picture by hobotraveler
Egypt is one of the world's most traveled to destinations due to its history, proximity to other well-traveled countries and its unique vision. Cairo is the usual first destination for visitors to Egypt and is the stopping off point for seeing the great pyramids of Giza, the Valley of the Kings, Khan Al-Khalili marketplace, the Dead City, museums, King Tut's mask and the famous Cairo nightlife.
Other popular destinations are Alexandria for its ruins, a nile cruise for the scenery, one of the most popular beach destinations at Sharm Al-Sheikh including some of the best scuba diving in the world and the tranquility of places along the Sinai.
Egypt also has an incredible and diverse cultural makeup, is the Arab world's Hollywood and is the only place you'll race at 100 mph in a taxi playing the group Wham! on sidewalks and through donkey carts, falafel stands, and massive buses.
Most people visit Egypt as part of a package tour though you should really concentrate on seeing all of Egypt's smaller nuances on your own and spend more time in the country. Many people come away from the cattle-call type pyramid-shopping tours with a feeling like they've been had, and with good reason because they have! Explore the city on your own or through a very small independent travel agency rather than with a huge group and you won't get ripped off.
Weather & Climate
Egypt is hot! Egypt is quite hot during the summer and actually cool, especially nearer to the Mediterranean coast, during the winter months. The best times to visit would be during the spring and fall seasons when the weather is more temperate and the summer hordes are at work.
Religion is a huge part of life in Egypt: over 90% of the population are Sunni Muslim. Mosques broadcast the call to prayer five times a day and Ramadan and other Muslim holidays are prominent in the country. The farther South you travel the more conservative the religious climate becomes and there is some problems in the Southern part of the country with Muslim groups calling for an instatement of a heavily Islamic government. As with any country, however, politics tends to disappear when you personally meet the people and you will find one of the most cosmopolitan and welcoming populations in the Arabic-speaking world.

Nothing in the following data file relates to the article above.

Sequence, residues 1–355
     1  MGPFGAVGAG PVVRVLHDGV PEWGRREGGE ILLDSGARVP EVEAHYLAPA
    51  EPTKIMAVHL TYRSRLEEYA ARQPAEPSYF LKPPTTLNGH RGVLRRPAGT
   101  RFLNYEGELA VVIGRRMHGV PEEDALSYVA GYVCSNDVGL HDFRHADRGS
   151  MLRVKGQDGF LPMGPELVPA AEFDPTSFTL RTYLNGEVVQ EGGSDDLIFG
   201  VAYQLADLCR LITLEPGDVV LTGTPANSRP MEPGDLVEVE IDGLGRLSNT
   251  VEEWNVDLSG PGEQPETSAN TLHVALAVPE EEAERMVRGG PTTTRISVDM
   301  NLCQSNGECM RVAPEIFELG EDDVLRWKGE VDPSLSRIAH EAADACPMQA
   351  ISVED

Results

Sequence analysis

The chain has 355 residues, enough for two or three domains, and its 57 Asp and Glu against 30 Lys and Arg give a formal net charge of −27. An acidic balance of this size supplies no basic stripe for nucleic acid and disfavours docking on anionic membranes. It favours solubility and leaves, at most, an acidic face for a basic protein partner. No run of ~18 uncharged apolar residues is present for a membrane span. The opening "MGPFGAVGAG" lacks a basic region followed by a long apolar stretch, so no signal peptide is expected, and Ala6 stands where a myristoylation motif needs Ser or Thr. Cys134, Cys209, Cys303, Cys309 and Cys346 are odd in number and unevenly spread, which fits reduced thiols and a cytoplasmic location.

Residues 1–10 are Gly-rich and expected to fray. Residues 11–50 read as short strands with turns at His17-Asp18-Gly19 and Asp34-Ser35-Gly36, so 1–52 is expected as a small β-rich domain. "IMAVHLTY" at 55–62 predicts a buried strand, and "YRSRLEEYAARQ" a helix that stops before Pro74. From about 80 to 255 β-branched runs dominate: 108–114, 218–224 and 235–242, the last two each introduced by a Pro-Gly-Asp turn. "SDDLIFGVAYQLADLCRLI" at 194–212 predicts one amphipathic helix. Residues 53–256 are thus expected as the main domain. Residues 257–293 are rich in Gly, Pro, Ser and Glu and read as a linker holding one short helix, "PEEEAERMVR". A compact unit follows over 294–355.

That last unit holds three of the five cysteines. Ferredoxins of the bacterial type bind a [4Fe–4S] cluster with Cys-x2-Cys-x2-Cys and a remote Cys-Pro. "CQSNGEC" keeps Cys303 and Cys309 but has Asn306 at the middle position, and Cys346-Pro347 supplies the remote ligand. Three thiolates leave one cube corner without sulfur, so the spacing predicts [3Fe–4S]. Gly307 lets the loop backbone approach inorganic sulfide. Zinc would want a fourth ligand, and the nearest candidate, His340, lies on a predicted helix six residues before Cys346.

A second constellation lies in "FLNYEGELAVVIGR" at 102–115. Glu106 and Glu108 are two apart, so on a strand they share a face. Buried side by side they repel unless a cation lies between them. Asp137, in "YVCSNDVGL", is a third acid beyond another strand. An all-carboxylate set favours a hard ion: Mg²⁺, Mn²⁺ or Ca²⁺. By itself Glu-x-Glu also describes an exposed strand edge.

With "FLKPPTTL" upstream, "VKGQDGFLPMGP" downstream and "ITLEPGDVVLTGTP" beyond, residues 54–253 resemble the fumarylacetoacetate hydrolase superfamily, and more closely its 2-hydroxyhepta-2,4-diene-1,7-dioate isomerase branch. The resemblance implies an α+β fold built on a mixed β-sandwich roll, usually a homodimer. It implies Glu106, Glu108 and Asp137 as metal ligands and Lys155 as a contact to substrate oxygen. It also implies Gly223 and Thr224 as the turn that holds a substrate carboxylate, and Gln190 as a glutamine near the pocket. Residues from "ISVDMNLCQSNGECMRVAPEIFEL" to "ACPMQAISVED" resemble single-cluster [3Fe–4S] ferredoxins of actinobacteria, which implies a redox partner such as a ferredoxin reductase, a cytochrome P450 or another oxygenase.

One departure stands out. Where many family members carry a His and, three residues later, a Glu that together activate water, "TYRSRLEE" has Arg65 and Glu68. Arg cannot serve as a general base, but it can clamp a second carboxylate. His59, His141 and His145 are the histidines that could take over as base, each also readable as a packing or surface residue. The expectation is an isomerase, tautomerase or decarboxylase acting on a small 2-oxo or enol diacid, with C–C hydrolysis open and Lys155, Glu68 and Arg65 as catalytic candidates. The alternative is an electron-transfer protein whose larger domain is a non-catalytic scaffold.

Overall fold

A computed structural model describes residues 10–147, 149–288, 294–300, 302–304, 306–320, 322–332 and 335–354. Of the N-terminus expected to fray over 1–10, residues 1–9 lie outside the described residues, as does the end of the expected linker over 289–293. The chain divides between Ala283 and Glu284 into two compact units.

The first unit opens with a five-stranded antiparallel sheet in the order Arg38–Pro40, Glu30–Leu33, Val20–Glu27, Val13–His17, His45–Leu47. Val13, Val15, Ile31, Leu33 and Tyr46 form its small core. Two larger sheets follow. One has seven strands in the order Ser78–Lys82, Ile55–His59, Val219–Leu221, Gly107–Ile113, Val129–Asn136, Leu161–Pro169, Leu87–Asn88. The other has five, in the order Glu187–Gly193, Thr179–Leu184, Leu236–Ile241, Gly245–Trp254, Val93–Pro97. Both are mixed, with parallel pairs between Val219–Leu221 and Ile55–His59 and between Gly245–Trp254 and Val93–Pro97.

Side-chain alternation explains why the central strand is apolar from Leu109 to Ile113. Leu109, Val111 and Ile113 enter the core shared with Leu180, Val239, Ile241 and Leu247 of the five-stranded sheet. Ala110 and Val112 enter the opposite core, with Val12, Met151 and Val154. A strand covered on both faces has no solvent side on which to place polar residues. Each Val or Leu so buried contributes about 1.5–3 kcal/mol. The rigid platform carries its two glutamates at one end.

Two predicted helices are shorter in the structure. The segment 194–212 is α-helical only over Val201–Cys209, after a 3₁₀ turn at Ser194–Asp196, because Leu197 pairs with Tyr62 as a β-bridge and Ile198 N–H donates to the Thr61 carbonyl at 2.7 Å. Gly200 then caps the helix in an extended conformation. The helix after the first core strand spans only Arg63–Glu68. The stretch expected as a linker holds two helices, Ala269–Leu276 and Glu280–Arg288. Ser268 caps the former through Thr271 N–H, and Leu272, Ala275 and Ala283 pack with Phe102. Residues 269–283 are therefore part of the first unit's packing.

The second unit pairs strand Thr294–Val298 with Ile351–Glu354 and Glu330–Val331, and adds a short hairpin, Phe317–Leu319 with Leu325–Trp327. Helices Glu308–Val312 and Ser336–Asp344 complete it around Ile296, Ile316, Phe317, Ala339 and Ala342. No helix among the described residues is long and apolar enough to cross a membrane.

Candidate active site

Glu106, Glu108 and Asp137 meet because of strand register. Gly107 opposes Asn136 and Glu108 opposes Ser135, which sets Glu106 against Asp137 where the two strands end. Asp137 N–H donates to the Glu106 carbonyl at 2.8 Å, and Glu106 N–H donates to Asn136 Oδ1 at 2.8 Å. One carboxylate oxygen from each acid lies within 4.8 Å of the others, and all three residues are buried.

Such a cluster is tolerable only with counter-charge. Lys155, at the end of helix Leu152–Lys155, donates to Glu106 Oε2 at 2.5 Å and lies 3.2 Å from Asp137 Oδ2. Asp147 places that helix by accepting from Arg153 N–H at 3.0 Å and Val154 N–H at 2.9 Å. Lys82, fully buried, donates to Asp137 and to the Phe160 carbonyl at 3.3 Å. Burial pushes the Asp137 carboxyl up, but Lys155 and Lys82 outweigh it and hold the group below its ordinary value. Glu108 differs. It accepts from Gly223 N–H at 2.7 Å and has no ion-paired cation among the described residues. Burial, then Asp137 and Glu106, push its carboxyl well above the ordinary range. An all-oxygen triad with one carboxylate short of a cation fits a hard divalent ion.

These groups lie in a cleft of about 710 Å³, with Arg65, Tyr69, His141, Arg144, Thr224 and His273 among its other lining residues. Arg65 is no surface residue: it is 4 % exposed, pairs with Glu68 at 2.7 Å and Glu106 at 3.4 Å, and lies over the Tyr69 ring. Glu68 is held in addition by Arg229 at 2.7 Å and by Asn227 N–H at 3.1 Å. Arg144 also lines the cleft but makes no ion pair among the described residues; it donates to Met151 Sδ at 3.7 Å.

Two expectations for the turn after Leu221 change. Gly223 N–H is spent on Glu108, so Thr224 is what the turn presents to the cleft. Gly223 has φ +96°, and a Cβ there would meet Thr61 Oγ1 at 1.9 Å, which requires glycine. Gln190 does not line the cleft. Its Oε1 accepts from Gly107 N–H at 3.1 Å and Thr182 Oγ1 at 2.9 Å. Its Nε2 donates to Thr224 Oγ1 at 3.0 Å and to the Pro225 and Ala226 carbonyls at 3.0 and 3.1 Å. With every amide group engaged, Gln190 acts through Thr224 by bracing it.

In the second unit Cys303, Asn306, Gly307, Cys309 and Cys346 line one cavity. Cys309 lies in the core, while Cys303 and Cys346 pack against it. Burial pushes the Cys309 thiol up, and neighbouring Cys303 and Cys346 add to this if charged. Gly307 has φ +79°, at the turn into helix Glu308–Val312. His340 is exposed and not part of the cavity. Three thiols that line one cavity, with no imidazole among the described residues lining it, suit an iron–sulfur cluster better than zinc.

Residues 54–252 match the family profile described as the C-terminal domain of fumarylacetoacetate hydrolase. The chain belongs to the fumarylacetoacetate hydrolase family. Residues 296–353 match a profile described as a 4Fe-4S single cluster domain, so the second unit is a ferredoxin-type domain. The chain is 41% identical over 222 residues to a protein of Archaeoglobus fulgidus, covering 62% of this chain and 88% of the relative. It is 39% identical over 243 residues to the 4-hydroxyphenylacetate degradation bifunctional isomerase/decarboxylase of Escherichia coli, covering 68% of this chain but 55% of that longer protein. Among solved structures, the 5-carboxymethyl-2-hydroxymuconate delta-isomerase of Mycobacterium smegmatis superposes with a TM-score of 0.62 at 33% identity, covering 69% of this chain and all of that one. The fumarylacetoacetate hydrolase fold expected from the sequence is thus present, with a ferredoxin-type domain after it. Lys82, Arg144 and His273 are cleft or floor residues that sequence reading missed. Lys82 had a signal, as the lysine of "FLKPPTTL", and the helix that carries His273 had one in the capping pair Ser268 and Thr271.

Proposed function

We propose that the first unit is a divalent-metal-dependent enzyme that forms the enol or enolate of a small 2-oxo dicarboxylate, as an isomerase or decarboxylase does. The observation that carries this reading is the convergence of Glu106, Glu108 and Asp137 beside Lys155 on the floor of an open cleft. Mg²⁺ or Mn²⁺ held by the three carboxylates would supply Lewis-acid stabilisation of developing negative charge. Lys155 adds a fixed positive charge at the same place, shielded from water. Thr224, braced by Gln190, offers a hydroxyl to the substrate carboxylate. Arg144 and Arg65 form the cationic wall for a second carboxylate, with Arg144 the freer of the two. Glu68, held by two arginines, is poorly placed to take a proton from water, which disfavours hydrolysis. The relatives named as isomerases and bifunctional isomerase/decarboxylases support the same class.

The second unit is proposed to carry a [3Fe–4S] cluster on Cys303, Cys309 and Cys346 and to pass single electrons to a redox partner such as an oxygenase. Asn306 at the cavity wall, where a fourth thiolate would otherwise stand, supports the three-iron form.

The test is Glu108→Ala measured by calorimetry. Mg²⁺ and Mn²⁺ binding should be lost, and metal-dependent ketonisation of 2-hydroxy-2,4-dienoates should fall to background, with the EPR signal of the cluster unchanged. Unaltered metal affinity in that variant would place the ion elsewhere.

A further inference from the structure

Egypt is very much an Arabic speaking country and not too much English is spoken outside the mega-hotels and resorts. That said there is usually someone around who can speak English somewhat unless you are really in the middle of nowhere. Most people go on package type tours to Egypt and usually never come into contact with a person who can't speak their language (unfortunately).
Egypt is a Muslim country, meaning that people tend to dress modestly. Don't wear shorts anywhere unless to the beach or pool and tank tops should also be avoided outside. Women should avoid tight fitting clothing and traveling alone in Egypt. In some of the more rural areas it may be wise for women to cover their hair though this is usually quite rare.
No topless or nude sunbathing is permitted on the beaches or at the pools.
It's a very good idea to get your Egyptian visa in the country you live in before you travel. Your travel agent can arrange this for you. Otherwise you may find yourself sitting in the airport or border crossing area for some time.
All visitors to Egypt who aren't Egyptian should have a valid passport which doesn't expire for at least six months. Tourist visas are issued on arrival for passport holders from EU countries, GCC countries, USA, Australia, Japan and most others. Visa applications are given out by your airline, or at on-land border crossings.
Note: The status of the Palestinian Territory/Egypt border crossing is constantly changing, please check with your local Egyptian consulate before attempting to cross at this point.
Egypt has a peace treaty with Israel and travel between the two countries is common and encouraged.